The book, published in 2009 by Natural Resource, Agriculture and Engineering Service (NRAES) with funding from Sustainable Research and Education (SARE), offers a goodbalance of science and practical experience in covering the topic.
Beginning with a description of why crop rotations are important and how a basic rotation works and can be set up, the book moves into identifying the various complexities of both the crops themselves and the effects they have. Discussions include the types of diseases and insect pressures that can be managed by crop rotation, those that can't, and how crop rotation can be used for weed management.
The middle section of the book outlines successful crop rotation strategies from a diversity of farms. It then provides a step-by-step sequence to plan an effective crop rotation. The book offers a series of worksheets with detailed instructions on filling them in, including real farm examples.
A chapter is dedicated to intercropping, in which two or more crops are grown together, or in close proximity. This includes a discussion of cover crops, and using crops to trap pests or host beneficial insects.
Appendices include: Characteristics of Crops Commonly Found in the Northeasern U.S. (listing crop name, family, what part is harvested, the average yield, the amount of N, P and K the crop removes, its cold tolerance, weed competitiveness and seedbed required), Crop Sequence Problems and Opportunities, Sources of Inoculum for Crop Diseases in the Northeasern U.S., Characteristics of Common Agricultural Weeds Relevant to Crop Rotations, and Crop Disease Pathogens Hosted by Common Agricultural Weeds.
Although the book was written with a Northeasern U.S. focus, it will certainly be relevant to growers in most parts of the country. The charts are very extensive, and include most crops anyone would think of growing. On first glance it appears that the focus is on vegetable rotations, but I think this is only because of the wide diversity of vegetable rotations possible. There certainly is plenty of fantastic information for row crop farmers not planning to grow vegetables.
If you are looking for a good winter read to increase your farming success, I could certainly recommend Crop Rotation on Organic Farms. A great depth and breadth of information is presented in understandable sequence using everyday language. I think every crop farmer will get a lot out of reading this book. My only complaint, a common one I make, is that the book is not indexed, and so though the authors suggest that you can use it as a reference, it may take a bit of time to find exactly the topic you want. However, the book is well laid out, with large paragraph headings that are easy to find.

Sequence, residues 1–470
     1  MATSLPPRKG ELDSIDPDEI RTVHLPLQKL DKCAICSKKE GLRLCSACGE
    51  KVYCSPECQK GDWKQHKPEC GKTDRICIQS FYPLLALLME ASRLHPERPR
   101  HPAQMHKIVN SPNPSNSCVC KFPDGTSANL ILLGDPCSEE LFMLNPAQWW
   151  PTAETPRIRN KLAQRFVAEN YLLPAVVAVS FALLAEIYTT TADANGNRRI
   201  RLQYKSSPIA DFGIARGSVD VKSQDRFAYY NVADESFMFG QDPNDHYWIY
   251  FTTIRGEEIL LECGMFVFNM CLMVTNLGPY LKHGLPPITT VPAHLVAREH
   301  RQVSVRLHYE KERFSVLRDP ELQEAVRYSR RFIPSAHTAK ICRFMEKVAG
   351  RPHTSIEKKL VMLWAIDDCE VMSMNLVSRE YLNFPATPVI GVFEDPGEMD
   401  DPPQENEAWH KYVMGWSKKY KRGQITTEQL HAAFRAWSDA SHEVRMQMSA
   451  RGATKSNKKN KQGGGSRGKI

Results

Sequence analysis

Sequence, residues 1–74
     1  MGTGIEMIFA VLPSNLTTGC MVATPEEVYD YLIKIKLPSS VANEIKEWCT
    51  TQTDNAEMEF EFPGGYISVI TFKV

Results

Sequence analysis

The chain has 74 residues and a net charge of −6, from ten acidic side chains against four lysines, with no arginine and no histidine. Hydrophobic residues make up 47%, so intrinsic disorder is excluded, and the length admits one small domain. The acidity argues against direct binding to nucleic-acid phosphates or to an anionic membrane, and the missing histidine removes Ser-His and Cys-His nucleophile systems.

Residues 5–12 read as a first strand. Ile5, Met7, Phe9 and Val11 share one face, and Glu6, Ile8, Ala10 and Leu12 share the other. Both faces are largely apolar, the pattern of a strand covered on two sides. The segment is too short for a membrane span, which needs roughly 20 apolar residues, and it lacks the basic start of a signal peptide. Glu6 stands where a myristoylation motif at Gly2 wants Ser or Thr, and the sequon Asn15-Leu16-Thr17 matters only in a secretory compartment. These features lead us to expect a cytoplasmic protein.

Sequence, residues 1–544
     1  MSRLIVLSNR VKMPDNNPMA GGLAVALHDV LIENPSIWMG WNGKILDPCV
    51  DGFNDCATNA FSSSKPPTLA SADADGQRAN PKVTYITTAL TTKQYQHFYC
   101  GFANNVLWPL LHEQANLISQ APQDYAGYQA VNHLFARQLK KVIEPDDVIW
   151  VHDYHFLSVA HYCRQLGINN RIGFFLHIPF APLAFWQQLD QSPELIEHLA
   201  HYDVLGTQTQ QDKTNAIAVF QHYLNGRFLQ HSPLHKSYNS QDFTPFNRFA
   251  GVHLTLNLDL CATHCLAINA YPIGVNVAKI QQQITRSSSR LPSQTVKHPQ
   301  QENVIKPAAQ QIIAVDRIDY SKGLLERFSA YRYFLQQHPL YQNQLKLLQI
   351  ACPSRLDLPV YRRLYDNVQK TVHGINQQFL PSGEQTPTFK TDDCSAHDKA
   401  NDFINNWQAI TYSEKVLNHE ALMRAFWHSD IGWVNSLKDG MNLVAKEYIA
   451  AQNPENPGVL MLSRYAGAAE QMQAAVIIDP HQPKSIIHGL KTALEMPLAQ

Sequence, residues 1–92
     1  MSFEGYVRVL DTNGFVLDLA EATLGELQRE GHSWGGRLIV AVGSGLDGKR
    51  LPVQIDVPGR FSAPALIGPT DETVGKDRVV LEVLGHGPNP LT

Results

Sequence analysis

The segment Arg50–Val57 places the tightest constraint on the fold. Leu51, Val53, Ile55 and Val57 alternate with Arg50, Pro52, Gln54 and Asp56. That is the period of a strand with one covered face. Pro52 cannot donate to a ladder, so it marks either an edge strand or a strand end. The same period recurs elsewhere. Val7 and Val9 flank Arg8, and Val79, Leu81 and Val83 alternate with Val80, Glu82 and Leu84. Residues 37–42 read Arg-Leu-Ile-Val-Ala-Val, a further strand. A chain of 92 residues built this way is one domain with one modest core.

Crop Rotation on Organic Farms is available from the MOSES books store for $29.00. Contact MOSES at www.mosesorganic.org or 715-778-5775.
Don't forget to put a book or two on organic farming on your holiday gift giving list!
Rodale Farming Systems Trial Celebrates 30 Years
The Rodale Institute has recently released a report detailing the results of its 30-year Farming Systems Trail comparing organic and conventional farming sytems. Below is a a short synopsis of some of the report's conclusions.
The Farming Systems Trial (FST)® at Rodale Institute is America's longest running, side-by-side comparison of organic and chemical agriculture. Started in 1981 ,to study what happens during the transition from chemical to organic agriculture, the FST surprised a food community that still scoffed at organic practices. After an initial decline in yields during the first few years of transition, the organic system soon rebounded to match or surpass the conventional system.
Over time, FST became a comparison between the long term potential of the two systems.
We selected corn and soybean production as our research focus because large tracts of land, particularly in our region and the Midwest, are devoted to the production of these crops. Corn and soybean acreage comprised 49% of the total cropland in the U.S. in 2007. Other grains made up 21%, forages 22% and vegetables just 1.5%.